402

DOC. 26

THE PROBLEM OF SPECIFIC HEATS

Doc.

26

On the Present State

of

the

Problem of

Specific

Heats

by

A.

Einstein

[Eucken,

Arnold,

ed.,

Die Theorie

der

Strahlung

und der

Quanten.

Verhandlungen

auf einer

von

E.

Solvay einberufenen

Zusammenkunft

(30.

Oktober

bis

3.

November

1911),

mit einem

Anhange

über

die

Entwicklung

der

Quantentheorie

vom

Herbst

1911 bis

Sommer 1913.

Halle

a.

S.:

Knapp,

1914. (Abhandlungen

der Deutschen Bunsen Gesellschaft

für

angewandte

physikalische Chemie,

vol.

3,

no.

7), pp.

330-352]

§1.

The Connection between

Specific

Heats

[1]

and

the Radiation

Formula

It

was

in

the domain of

specific

heats that the kinetic

theory

of heat

achieved

one

of

its

earliest and finest

successes

in

that

it

permitted

the

exact calculation

of the

specific

heat

of

a

monatomic

gas

from the

equation

of

state.

It

is

now,

again,

in

the domain of

specific

heats that the

inadequacy

of molecular

mechanics has

come

to

light.

According

to

molecular

mechanics,

the

mean

kinetic

energy

of

an

atom not

bound

3 RT

rigidly

to

other

atoms

is

in

general

if

one

lets R

denote the

gas

constant,

T

the

2-,

N

absolute

temperature,

and

N

the number of

molecules in

a gram-molecule.

From

this

it follows

directly

that the

specific

heat of

an

ideal

monatomic

gas

at constant

volume

is

3

-R,

or

2.97

calories,

per

gram-molecule,

which is in

very

good agreement

with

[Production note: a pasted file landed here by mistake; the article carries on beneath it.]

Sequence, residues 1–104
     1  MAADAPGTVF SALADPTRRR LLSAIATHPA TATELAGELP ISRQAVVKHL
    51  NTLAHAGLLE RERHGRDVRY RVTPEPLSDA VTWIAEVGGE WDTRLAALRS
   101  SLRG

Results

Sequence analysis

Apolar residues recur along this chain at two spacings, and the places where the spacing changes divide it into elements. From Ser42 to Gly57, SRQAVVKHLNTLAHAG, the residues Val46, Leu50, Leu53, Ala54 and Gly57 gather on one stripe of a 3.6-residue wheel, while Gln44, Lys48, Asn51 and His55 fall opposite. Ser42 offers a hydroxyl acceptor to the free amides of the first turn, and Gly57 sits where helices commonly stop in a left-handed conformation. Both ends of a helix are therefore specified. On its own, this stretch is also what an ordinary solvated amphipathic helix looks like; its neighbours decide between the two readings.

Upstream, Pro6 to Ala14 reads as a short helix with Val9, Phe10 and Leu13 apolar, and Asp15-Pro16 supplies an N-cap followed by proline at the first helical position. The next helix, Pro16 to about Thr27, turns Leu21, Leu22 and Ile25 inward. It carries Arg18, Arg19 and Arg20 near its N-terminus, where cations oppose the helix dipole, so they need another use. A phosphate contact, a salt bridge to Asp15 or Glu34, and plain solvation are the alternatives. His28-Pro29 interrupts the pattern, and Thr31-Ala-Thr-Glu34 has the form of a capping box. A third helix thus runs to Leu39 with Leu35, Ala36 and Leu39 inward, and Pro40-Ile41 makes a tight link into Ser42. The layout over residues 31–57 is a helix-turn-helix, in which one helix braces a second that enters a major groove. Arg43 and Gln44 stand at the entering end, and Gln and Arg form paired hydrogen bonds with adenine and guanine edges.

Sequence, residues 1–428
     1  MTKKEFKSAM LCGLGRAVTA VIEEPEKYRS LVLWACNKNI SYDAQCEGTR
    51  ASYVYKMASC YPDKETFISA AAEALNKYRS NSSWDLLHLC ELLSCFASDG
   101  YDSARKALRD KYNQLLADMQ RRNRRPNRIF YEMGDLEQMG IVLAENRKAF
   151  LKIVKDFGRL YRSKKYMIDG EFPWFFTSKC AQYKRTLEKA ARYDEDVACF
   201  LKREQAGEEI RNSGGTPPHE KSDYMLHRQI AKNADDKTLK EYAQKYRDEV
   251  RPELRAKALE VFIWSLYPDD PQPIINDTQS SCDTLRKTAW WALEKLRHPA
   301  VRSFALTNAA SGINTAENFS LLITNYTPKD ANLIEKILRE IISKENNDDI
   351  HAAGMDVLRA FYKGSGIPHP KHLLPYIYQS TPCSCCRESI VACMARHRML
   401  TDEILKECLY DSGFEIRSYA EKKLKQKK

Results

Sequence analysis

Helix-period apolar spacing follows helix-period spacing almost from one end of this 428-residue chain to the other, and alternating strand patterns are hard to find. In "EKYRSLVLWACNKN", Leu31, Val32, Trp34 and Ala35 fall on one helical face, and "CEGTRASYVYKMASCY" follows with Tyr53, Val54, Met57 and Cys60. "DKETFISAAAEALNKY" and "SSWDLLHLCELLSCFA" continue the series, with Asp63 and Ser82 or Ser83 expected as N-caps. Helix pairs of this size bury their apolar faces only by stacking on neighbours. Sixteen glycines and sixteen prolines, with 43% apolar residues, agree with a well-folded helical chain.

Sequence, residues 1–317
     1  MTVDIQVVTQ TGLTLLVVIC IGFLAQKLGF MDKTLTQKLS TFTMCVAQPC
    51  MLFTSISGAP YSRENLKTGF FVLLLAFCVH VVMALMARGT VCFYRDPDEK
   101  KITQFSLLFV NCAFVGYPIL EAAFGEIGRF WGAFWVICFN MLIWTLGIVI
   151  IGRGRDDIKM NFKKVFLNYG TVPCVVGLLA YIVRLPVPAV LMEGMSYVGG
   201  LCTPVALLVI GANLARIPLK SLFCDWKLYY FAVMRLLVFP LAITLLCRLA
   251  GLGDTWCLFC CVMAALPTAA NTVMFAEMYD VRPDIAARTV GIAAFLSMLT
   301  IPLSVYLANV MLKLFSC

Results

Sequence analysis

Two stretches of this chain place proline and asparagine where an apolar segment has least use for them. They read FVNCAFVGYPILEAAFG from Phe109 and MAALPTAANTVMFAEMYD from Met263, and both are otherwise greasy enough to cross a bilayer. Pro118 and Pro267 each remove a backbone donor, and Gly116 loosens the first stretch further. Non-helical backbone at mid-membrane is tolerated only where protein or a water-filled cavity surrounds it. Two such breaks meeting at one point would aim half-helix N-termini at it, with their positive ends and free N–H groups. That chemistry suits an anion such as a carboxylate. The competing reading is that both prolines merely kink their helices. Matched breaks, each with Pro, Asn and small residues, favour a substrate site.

2

experience.

If the

atom does not

move

freely

but

is

bound

in

an equilibrium

position,

then

it

possesses

not

only

the

mean

kinetic

energy

mentioned

above, but,

in

addition,

also

a

potential

energy; we

must

assume

this to be

the

case

for

solid bodies.

For the

arrangement

of

atoms to

be

stable,

the

potential energy corresponding

to

the

displace-

ment

of

an

atom from its

equilibrium position

must be

positive.

Further,

since

the

mean

distance

from the

equilibrium position

must

increase

with

the thermal

agitation, i.e.,

with

the

temperature,

this

potential energy

must

always

correspond

to

a positive

component

of the

specific

heat.

Thus,

according

to

our

molecular

mechanics,

the atomic heat of

a

solid

body

must

always

be

greater

than

2.97. As

we know,

in

the

case

where the

forces

binding

the

atom to its

equilibrium position

are

proportional

to

the

displacement,

the

theory

yields

the

value

of 2•2.97

=

5.94

for the atomic heat. It

has

been

known for

a

long

time that for

most

of the

solid

elements the

atomic

heats

possess

values

that

do not

deviate

substantially

from

6

at

ordinary temperatures (Dulong-Petit

law).

But

it also has

been

known

for

a long

time

that there

are

elements with

smaller atomic heats.

Thus,

already

in

1875,

H.F.

Weber found

that the

value

of the atomic heat of diamond

at

[2]

-50°C

is roughly

the

value

0.76,

far smaller than that

permitted

by

molecular

mechan–